• May 29, 2020
  • By Linda Pophal, business journalist and content marketer

Demystifying Cryptocurrencies: Promise and Potential Lead to Growing Appeal

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There are some potential downfalls or risks to accepting cryptocurrencies as well.

Roy Girasa, a professor in the Lubin School of Business at Pace University and author of Regulation of Cryptocurrencies and Blockchain Technologies, points to a number of risks that marketers need to know. They include the following

• a lack of acceptance by banks;

• a lack of government backing, such as the FDIC;

• use by drug dealers, money laundering rings, and other criminal elements;

• currency volatility;

• a limited user base;

• uncertainty concerning future regulation and tax treatment; and

• cyberthreats.

In addition, the loss of the private key required to access cryptocurrencies will result in the loss of the currency—with no means to recover.


Still, it’s clear that many marketers are beginning to consider cryptocurrencies as another payment mechanism. The process itself is fairly straightforward.

For merchants, accepting cryptocurrencies can be likened to credit card payments, Fast says. “It’s pretty similar to other kinds of payment integration.”

But, at the same time, he cautions marketers to be careful. “The cryptocurrency space in general has been subject to a lot of companies that make overzealous claims that basically announce products that become vaporware or outright scams. Very large amounts of money are being spent on marketing for these companies that kind of gives a bad veneer to the space in certain quarters.”

A number of larger, more widely known companies are also entering the space. Facebook has been exploring the potential of this technology since 2018 and launched Libra in mid-2019.

“If that goes forward, it’s going to be a huge driver of user adoption,” Fast says. “For all of its flaws—and Libra does have certain flaws—it’s probably pushing us in the right direction in terms of the user experience and in terms of getting people more familiar with some of the benefits and the risks of these cryptocurrencies so people are able to safely use them in many more places.”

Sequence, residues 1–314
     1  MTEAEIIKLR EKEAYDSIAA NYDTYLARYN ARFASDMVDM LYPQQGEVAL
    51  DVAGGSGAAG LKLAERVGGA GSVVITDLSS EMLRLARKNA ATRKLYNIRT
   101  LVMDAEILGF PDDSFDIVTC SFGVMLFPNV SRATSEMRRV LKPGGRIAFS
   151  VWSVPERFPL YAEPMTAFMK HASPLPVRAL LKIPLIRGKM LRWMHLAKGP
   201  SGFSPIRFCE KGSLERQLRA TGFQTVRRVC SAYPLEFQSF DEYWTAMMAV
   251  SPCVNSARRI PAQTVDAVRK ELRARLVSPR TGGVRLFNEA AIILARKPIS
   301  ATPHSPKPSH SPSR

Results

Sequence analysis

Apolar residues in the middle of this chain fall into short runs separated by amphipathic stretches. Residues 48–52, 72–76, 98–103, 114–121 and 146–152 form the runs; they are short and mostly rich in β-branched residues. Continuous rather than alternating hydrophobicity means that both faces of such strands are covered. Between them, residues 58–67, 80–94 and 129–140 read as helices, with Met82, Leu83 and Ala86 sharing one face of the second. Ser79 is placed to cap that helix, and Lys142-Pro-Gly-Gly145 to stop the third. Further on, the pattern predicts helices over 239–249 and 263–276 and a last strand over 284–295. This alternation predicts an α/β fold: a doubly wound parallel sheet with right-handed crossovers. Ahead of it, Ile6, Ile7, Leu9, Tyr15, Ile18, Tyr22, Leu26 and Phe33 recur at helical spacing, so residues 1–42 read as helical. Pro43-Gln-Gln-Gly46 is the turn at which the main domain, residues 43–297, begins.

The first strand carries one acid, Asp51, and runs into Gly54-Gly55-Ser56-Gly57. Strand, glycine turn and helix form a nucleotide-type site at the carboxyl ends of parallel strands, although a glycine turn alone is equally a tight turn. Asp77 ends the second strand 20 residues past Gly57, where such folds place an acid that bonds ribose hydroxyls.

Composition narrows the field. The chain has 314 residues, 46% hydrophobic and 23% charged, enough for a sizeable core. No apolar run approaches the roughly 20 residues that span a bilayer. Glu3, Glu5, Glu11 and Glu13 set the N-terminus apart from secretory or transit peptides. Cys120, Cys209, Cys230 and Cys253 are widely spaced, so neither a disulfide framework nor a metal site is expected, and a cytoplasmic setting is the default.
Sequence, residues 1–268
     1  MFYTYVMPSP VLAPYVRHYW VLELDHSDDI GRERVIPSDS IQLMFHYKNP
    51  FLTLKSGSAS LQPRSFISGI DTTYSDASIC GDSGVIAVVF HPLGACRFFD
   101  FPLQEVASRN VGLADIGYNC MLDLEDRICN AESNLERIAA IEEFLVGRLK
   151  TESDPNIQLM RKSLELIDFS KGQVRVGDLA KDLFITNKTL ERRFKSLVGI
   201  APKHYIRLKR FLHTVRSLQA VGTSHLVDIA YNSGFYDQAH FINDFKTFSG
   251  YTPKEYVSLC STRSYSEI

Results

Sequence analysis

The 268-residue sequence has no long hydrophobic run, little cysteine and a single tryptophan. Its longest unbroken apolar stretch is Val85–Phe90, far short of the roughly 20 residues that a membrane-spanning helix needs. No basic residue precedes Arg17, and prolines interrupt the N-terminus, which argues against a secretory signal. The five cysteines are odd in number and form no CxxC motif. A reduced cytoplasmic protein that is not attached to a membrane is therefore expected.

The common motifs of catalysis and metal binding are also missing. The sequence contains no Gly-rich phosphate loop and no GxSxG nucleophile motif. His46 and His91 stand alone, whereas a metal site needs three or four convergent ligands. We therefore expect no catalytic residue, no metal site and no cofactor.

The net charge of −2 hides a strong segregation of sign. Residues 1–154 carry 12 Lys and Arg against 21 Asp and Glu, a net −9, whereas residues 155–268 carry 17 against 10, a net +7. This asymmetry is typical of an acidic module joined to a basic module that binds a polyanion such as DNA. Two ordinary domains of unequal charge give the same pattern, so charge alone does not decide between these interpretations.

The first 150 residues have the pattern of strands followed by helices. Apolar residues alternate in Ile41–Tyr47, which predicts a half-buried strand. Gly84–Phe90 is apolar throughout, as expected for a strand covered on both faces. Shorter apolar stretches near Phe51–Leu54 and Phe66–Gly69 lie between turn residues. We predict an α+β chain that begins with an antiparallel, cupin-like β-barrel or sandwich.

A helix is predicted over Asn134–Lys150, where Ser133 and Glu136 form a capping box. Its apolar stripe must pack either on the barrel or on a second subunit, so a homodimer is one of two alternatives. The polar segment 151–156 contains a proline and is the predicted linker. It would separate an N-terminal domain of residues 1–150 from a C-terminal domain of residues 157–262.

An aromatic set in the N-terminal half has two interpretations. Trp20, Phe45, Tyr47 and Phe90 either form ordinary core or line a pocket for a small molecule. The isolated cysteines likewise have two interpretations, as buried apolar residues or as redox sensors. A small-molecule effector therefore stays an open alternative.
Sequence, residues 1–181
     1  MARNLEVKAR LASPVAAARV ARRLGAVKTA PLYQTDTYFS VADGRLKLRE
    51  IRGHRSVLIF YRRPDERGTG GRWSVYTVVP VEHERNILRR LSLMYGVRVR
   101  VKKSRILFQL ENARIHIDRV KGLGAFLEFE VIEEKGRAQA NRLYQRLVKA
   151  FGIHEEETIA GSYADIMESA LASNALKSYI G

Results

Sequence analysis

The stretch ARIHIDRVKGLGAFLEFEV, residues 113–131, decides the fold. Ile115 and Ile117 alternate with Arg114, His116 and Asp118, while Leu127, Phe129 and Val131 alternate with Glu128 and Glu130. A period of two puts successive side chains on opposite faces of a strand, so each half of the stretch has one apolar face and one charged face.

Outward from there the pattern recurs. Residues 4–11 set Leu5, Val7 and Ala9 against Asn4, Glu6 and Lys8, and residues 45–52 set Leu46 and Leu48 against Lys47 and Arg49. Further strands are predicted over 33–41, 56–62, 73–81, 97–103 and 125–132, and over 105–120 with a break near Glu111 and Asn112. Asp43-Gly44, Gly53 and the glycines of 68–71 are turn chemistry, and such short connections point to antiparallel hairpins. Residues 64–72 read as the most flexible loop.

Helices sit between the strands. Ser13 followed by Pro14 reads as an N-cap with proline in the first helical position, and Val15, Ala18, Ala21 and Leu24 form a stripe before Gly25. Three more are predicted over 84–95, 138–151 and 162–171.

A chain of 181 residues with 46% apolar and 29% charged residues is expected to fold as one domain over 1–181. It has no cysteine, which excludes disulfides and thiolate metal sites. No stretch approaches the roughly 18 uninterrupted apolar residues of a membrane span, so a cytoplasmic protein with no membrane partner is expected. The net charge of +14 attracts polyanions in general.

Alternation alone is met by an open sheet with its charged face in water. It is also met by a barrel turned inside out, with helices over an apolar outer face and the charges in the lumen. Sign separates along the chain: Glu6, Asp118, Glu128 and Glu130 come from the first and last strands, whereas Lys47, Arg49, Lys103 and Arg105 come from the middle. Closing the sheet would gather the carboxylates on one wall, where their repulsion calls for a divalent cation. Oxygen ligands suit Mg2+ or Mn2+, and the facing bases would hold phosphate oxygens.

McCarville offers examples of companies that have targeted affluent and tech-savvy audiences with cryptocurrencies. One, Lolli, rewards users for installing its browser extension by giving them Bitcoin with each purchase through its browser. “By rewarding loyalty with payments of cryptocurrency, the company is essentially discounting their prices while attracting users who may not otherwise choose to do business with the company,” McCarville says. It’s an opportunity that other marketers could explore to tap into networks that could provide a significant increase in revenue.

Japanese retail giant Rakuten is another example. Rakuten, McCarville says, allows users who have existing rewards accounts and digital walls to convert their rewards points into cryptocurrencies, including Bitcoin and Ethereum. “This ability to allow users to monetize their rewards in either discounted prices or in converting to a cryptocurrency of their choice incentivizes consumers who are interested in acquiring cryptocurrencies,” he says.

One common myth about cryptocurrencies, McCarville adds, is that they are not regulated. That, he says, is not true. “Companies and users are subject to a host of regulatory issues that need to be understood and managed, such as federal and state taxation, money transfer laws, and Know Your Client and anti-money-laundering protocols,” he says.

Marketers interested in potentially using cryptocurrencies should first come up with potential use cases and then work to understand which regulatory issues might apply, McCarville continues.

For those unfamiliar with but interested in how cryptocurrencies work and, specifically, how they might work to engage current and potential customers, the best way to learn about them is by using them, Traidman suggests. “Download a wallet, send it between different wallets, and really feel what it’s like interacting with cryptocurrencies.” 

Linda Pophal is a freelance business journalist and content marketer who writes for various business and trade publications. Pophal does content marketing for Fortune 500 companies, small businesses, and individuals on a wide range of subjects, from human resource management and employee relations to marketing, technology, healthcare industry trends, and more.

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